One full year of agony and uncertainty, caused by the coronavirus-related disruptions in the world of sport, ended in cheer for many Indian sportspersons in recent days as they qualified for this year’s Tokyo Olympics. The pandemic played havoc with the schedule of sportspersons, whose plans are usually charted with clockwork precision — when and how much to train, when to peak. For a large part of the past 12 months, athletes were unable to train or compete.
Thus, our athletes, table tennis players and fencer who qualified for the Olympics in the past few days deserve praise for keeping their spirits high and their game sharp. Bhavani Devi, the first-ever Indian fencer to make it to the Olympics, practised alone on the terrace of her house in Chennai, her coach in Italy watching online and giving instructions. As restrictions eased, she travelled to Italy. G Sathiyan, one of the table tennis players to qualify for Tokyo, chose to play in the Polish league, getting there after a one-month wait for a visa. Five weeks in Tokyo helped him polish his game, and despite carrying an injury, he got his Olympic berth. During the lockdown, discus-thrower Kamalpreet Kaur trained hard at home, using a double bed for weight training and flower pots as dumbbells — it paid off as she broke the national record in qualifying for Tokyo. Long jumper Murali Sreeshankar, who as a kid insisted on sleeping in a jersey signed by Usain Bolt, worked on his body strength and speed during the restrictions. The 21-year-old broke the national record to qualify for the Olympics. Neeraj Chopra, who had qualified back in January 2020, had no event to compete in over a year. Early this month, he broke his own national mark. Months of inactivity seem to have left Chopra, India’s best medal hope in track and field in Tokyo, hungry.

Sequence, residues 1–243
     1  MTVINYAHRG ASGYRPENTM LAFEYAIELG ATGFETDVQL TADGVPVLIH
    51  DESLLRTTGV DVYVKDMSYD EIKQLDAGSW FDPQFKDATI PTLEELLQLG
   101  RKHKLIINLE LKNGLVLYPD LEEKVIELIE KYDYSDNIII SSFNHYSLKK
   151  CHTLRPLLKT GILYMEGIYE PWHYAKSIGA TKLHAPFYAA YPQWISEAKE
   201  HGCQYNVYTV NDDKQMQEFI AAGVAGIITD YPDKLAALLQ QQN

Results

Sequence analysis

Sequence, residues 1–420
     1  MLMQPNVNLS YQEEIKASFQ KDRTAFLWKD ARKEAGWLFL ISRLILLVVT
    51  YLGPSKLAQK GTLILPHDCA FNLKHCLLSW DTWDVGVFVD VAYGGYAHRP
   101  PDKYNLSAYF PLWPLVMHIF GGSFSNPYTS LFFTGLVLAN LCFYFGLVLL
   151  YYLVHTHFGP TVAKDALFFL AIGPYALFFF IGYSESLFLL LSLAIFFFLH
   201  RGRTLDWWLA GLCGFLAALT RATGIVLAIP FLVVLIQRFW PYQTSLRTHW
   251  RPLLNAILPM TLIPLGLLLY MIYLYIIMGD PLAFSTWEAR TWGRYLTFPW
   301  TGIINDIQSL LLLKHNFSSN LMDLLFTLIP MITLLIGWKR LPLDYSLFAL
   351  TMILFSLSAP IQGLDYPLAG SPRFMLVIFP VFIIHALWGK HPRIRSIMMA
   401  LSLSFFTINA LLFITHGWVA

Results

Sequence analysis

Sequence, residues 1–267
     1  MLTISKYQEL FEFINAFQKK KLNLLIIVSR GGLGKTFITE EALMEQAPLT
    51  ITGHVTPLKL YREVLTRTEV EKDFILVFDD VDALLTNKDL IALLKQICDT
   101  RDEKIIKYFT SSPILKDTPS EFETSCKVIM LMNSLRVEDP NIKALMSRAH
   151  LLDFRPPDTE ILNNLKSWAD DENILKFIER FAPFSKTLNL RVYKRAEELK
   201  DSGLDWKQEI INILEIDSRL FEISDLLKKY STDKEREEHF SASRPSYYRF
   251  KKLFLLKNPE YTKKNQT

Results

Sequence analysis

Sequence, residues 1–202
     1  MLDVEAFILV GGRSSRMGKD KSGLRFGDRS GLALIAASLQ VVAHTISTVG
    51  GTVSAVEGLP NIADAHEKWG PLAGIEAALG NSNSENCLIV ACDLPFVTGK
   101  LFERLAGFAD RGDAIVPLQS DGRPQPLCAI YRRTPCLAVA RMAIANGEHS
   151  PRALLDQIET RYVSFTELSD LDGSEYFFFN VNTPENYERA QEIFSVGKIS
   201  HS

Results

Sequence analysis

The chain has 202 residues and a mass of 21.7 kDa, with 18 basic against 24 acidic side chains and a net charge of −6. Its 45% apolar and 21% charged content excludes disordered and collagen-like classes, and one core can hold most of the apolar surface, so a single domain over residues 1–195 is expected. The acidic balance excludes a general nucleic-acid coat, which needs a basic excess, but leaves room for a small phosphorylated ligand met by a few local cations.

These are stories that inspire. The pandemic crushed the Tokyo dreams of gymnast Dipa Karmakar and several boxers as tournaments were cancelled. Some of India’s badminton stars won’t make it because they won’t have enough events to improve their rankings. There’s something to both cheer and sadden in sport — the spate of recent qualifications outweigh the sad bit.